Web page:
Hidden ancient trenches which crisscross Britain's countryside

The ‘forgotten world’ of Britain’s ‘Middle Earth’ sunken lanes: How hidden ancient trenches known as holloways crisscross Britain’s countryside and look like hedgerows from above – as world-first project starts to map them

  • Work has begun to analyse the hidden tracks and understand their cultural value
  • Findings for the initial project will be published by Natural England

Britain’s mysterious ‘Middle Earth’ sunken lanes will be mapped in a world-first project revealing hundreds of years old pathways. 

Ancient semi-subterranean trenches, also known as holloways, have worn into the earth.

They were created as far back as Roman times in rural areas where the ground is rich in softer sandstone to help farmers move livestock.

They gradually eroded into gullies which became sunken trenches.

The environment within the holloways creates a unique temperate ecology that allows rare plants such as spreading bellflowers, naval wort and hearts tongue ferns to thrive.

Work has now begun to analyse the hidden tracks and understand their ecological, historical and cultural value.

Andy Jeffries from Natural England assesses Shute’s Lane near Bridport

Natural England has funded the project to begin in Dorset starting with Shute’s Lane

Hartley Mauditt Road, Selborne, Hampshire. A world-first project to map the mysterious ‘Jurassic Park’ environments of Britain’s sunken lanes has begun

A holloway, or a sunken lane, is a road or track that is significantly lower than the land on either side of it. 

They are described as ancient semi-subterranean trenches which have worn into the earth. 

Holloways were created as far back as Roman times in rural areas where the ground is rich in softer sandstone to help farmers move livestock. 

They gradually eroded into gullies which became sunken. 

The environment of holloways creates a unique temperate ecology that allows rare plants such as spreading bellflowers, naval wort and hearts tongue ferns to thrive. 

Most people are unaware of hollowyas as they look like hedgerows from above. 

Natural England is funding the survey which is starting in Dorset where there are hundreds of sunken lanes.

The initial project will be completed by the end of March and the findings will be published by Natural England.

People across the country are being invited to send in pictures of holloways near them to build up a better picture of how many there are in Britain.

Natural England project leaders Andy Jeffries and Rosie Cummings are hoping to create interactive maps for all the lanes in Dorset.

Mr Jeffries said: ‘There are hundreds of holloways in Dorset alone, they are forgotten worlds that only a select few people will know about.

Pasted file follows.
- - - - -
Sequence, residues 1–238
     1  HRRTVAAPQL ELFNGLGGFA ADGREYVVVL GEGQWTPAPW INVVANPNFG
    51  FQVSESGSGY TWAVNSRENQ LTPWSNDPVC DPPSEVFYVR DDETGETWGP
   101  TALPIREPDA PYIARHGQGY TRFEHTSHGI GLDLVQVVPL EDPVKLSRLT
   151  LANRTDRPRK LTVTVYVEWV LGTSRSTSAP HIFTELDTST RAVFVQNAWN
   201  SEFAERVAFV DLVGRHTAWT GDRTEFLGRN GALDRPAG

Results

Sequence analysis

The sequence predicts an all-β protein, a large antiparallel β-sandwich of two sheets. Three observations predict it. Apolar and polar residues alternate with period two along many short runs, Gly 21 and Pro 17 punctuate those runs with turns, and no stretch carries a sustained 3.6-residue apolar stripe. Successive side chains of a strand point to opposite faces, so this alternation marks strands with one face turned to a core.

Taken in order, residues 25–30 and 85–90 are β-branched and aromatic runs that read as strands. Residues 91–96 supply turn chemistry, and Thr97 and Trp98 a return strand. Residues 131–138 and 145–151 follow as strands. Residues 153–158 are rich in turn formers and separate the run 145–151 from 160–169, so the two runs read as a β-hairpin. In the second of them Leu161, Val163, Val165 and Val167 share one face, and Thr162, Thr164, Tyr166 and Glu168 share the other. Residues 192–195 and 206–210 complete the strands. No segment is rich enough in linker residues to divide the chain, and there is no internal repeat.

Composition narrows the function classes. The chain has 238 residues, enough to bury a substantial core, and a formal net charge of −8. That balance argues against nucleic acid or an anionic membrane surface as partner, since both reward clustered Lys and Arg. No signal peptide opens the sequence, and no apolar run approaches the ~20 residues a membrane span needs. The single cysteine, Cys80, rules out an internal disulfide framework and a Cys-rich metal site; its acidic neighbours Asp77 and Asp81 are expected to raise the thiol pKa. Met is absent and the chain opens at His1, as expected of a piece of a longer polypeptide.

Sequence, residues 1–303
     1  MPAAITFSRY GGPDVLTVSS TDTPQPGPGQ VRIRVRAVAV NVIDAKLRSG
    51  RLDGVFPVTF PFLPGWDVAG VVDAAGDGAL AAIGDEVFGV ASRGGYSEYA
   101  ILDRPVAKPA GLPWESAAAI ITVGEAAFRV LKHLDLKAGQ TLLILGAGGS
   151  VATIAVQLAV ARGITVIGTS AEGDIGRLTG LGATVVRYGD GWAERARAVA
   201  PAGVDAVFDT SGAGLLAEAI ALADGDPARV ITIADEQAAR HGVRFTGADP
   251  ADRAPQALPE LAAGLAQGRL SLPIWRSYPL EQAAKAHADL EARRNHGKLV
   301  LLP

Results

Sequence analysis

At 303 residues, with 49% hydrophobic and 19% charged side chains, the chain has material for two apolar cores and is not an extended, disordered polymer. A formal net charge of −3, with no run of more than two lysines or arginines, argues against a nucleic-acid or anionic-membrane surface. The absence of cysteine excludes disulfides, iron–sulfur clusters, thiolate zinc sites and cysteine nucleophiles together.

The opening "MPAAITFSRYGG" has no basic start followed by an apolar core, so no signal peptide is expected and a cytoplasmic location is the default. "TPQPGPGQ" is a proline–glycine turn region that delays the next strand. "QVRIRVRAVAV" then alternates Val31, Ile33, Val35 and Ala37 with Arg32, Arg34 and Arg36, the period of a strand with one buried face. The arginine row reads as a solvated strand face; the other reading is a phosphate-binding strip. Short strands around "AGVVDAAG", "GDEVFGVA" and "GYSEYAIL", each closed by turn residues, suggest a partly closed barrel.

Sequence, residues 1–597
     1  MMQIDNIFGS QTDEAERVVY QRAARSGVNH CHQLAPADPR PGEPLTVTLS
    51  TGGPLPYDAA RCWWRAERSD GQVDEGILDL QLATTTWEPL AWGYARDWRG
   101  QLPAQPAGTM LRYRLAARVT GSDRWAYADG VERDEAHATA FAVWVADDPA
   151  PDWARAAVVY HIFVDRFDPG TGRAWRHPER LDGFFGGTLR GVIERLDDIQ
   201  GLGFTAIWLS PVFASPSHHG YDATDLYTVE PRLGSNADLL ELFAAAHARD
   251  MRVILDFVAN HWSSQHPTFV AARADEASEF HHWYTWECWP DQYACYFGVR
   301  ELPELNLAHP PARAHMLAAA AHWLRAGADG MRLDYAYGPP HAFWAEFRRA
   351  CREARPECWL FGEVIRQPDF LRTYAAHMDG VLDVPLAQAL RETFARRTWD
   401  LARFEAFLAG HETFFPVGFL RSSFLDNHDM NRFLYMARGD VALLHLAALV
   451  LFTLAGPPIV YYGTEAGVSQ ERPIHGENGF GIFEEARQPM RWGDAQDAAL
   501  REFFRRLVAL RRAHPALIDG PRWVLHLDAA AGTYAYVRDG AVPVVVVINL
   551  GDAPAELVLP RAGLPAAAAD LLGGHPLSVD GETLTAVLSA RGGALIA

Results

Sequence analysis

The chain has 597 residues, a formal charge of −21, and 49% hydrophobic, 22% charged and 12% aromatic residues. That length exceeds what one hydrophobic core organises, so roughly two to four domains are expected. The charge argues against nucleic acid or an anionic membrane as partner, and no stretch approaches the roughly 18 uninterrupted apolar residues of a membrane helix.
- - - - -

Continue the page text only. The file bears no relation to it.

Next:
‘Most people are unaware of the concept of holloways and from an aerial view they look just like any other hedgerow.

‘It’s impossible to say how many of them might be across Britain.

‘We would love to be able to give a rough number of miles but we just couldn’t say.

‘Using laser scanning we hope to be able to build interactive 3D versions of the holloways for people to explore online.

‘It’s amazing how some of these beautiful habitats are completely hidden.

‘They are like inverted cathedrals lurking in the landscape.’

Rose Cummings, an archaeologist, described the incredible historical importance of the trenches.

She said: ‘They are truly forgotten worlds that have faded from memory.

‘Using laser scanning we hope to be able to build interactive 3D versions of the holloways for people to explore online’

The ancient semi-subterranean trenches, also known as Holloways, are hundreds of years old pathways which have worn into the earth

The name ‘holloway’ originated from ‘hola weg’, meaning sunken road in Old English

Some holloways, or sunken lanes, feature graffiti or carvings at their banks 

Work has now begun to analyse the hidden tracks and understand their ecological, historical and cultural value

‘When you explore them it’s like finding a Jurassic Park environment existing just under our noses.

‘At the moment we are just scratching the surface, when we create the 3D version of Shute’s Lane it’s going to give us a very detailed version to show other people.

‘We hope that as awareness of them rises that more people will get in touch and increase the interest in further nationwide research.’

The name ‘holloway’ originated from ‘hola weg’, meaning sunken road in Old English.

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